POSTED BY Travis Bortz

In a legal world that some perceive to be in a tailspin amidst a less than thriving economy, effectiveness and efficiency have become very important.  As law firms search for new ways to operate more leanly, the question arises whether or not there is a demand for law librarians.  Law librarians have been in the forefront of cost-cutting measures since 2008. Although it can be argued that law librarians are a wealth of knowledge and a valuable resources, as technology continues to transcend the industry it is becoming more transparent their demand is minimal.

However, over the past five years law librarians have viably searched for ways to maintain their importance in the legal profession; most notably leaving traditional roles consisting of on-demand research and moving towards the support of true knowledge management.  How law librarians are to change their roles into the “new normal” in a digital world calls for questioning, rethinking, and reimagining the goals and opportunities to satisfy the demands in the technology first business climate.

Physical law libraries have begun to downsize as most documents, books, and content in general have moved to digital versus paper format. “The new business mantra is: Libraries are a service, not a place.” Understanding it is imperative the importance of selling their service/product coupled with the ability to successfully market their value to firms/attorneys that provides an effective and efficient solution law librarians have been successfully transitioning and catering to the new demands of attorneys and law firms.  As law librarians continue to transition into new and innovative roles within the legal world the position of Chief Knowledge Officer has become a position within firms.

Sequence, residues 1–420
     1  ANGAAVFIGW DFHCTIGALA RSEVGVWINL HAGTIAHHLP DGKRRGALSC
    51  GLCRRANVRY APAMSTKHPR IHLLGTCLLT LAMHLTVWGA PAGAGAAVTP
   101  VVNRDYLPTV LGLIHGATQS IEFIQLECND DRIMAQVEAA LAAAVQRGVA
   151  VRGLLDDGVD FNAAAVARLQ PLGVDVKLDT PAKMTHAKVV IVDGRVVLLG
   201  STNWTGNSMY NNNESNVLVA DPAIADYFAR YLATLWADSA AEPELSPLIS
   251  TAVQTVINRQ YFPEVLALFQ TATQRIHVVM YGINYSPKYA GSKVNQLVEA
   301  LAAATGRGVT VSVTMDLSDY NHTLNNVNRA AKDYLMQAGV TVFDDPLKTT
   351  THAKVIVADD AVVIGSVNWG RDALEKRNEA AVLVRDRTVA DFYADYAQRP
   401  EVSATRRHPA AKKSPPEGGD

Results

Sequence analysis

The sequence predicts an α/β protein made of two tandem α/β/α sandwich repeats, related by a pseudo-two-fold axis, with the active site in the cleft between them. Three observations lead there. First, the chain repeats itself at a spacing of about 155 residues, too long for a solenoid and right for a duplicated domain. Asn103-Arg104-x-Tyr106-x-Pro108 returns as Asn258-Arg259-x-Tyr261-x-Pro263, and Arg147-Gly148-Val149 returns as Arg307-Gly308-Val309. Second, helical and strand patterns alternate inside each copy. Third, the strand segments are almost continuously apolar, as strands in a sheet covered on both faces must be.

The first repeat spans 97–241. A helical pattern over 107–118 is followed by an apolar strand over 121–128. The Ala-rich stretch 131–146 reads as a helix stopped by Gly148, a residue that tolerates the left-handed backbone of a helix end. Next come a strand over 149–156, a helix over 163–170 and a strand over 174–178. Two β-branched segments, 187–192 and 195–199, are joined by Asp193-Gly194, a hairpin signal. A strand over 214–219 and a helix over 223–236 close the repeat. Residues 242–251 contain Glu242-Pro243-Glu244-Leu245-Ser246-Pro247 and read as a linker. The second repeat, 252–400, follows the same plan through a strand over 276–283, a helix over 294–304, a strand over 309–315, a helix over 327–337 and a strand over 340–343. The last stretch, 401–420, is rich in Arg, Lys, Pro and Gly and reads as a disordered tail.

The gap between technology and information professionals is becoming narrower and the development of the new law librarian is in full swing. The vision of the new law librarian will create the following new roles: intranet content development, creation of expertise databases, database development and maintenance, taxonomy, develop controlled vocabulary, legal project management, search engine optimization, business and competitive intelligence, development and maintenance of social networking tools, portal knowledge support services, and cost recovery.

With new roles, librarians can create virtual communities that support attorney’s research needs. They can design databases that can aid in readily tracking the correct parties to serve as witnesses, alumni, outside counsel, etc.  They can overcome the considerable pain point for digital content, the absence of a taxonomical structure, by simplifying the retrieval of the firm’s intellectual capital.  They can utilize their knowledge and insight to In addition, there are few within a law firm that are more capable of providing information in a crunch then law librarians, thus they provide the competitive edge and insight firms seek.

As the profession transcends, the new law librarian has evolved. Today, librarians both enhance the support provided to attorneys and further the business of law; a new efficient and economical approach.

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